※ 清華語言所新034次專題演講公告 ※
題目：I have a V. I have an O. Um, V-O compound!
In this talk, I will address the issue of two-way V-O compound verbs﹝兼類述賓複合動詞﹞in Mandarin Chinese. The two-way V-O compound verbs have been observed to involve two syntactic patterns. That is, the object can remain in the standard postverbal position, or to be introduced by a preposition preverbally. However, I argue that the preverbal PPs in two-way V-O compound verbs do not behave like typical PPs in other V-O compound verb cases whose objects can only be introduced by prepositions. The seeming prepositional phrase in two-way V-O compound verbs, on the other hand, is proposed to be a combination of differential object marking and an internalized object NP. In addition to the theoretical issue, I will also discuss the relevant V-O compound verbs in the field of teaching Chinese as a second language. The characteristics of identifying different V-O compound verbs will be proposed, and the teaching order regarding the two syntactic patterns of two-way V-O compound verbs will also be suggested based on the search results in the Sinica Corpus.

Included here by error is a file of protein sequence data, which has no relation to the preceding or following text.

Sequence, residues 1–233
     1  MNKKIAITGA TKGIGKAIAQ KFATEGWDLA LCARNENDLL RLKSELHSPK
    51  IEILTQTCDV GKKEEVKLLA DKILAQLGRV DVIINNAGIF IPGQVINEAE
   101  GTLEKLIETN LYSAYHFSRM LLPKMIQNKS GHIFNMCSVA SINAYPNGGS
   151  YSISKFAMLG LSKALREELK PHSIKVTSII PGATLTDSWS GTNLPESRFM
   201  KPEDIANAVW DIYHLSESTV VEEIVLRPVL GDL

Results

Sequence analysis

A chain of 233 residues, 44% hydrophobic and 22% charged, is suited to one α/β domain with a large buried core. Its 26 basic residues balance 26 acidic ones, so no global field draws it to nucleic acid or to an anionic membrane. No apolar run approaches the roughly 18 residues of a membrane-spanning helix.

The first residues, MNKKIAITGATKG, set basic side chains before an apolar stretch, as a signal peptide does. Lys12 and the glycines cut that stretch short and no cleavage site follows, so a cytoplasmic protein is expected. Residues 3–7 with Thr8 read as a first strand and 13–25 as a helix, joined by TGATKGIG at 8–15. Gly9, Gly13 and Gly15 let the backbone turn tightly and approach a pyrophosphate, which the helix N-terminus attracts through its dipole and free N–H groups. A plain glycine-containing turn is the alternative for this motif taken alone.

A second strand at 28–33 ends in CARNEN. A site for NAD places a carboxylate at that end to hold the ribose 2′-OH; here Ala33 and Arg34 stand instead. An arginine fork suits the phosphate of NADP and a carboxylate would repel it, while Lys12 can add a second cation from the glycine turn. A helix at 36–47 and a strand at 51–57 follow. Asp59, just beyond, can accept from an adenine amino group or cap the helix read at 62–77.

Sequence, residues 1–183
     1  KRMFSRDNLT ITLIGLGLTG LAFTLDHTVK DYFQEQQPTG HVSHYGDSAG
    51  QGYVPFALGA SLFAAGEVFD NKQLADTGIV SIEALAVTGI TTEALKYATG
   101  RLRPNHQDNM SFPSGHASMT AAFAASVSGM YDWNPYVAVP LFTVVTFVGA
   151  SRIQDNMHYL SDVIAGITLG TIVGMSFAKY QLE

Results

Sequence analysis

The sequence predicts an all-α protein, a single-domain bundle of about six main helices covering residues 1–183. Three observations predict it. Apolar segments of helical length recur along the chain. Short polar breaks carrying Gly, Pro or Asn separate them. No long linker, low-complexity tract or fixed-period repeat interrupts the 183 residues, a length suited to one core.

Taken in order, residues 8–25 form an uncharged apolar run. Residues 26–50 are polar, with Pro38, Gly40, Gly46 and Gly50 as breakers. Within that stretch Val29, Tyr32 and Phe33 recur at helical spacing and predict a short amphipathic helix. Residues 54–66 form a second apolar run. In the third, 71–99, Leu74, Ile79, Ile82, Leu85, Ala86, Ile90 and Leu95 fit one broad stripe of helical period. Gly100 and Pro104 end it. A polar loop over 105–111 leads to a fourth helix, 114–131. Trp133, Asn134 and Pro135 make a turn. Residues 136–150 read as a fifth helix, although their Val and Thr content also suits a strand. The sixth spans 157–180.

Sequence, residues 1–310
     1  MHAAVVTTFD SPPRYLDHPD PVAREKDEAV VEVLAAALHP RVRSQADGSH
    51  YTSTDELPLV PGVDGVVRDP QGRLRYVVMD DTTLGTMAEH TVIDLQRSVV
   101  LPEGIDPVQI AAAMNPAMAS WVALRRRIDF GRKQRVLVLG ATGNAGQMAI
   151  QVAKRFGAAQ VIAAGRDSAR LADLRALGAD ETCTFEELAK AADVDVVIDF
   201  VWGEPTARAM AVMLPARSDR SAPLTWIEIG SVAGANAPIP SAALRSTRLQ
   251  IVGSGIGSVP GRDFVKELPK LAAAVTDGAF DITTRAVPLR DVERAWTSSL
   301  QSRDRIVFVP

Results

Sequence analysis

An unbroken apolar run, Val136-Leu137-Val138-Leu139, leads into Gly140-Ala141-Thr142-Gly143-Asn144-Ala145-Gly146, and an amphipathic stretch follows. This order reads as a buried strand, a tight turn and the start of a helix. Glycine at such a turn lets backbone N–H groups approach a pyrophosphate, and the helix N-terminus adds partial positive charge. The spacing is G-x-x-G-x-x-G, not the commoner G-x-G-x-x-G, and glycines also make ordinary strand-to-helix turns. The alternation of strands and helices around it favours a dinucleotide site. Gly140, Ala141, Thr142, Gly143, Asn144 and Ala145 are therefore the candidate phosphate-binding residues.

※ 清華語言所新035次專題演講公告 ※
題目：State / event contrast and aspectual marking in Mandarin
This talk provides evidence for a non-unified treatment of the semantics of eventive and stative predicates. We investigate Mandarin sentences containing eventive vs. stative predicates and show that while stative construals of stative VPs do not require aspectual marking, eventive (episodic) construals of eventive VPs require overt aspect.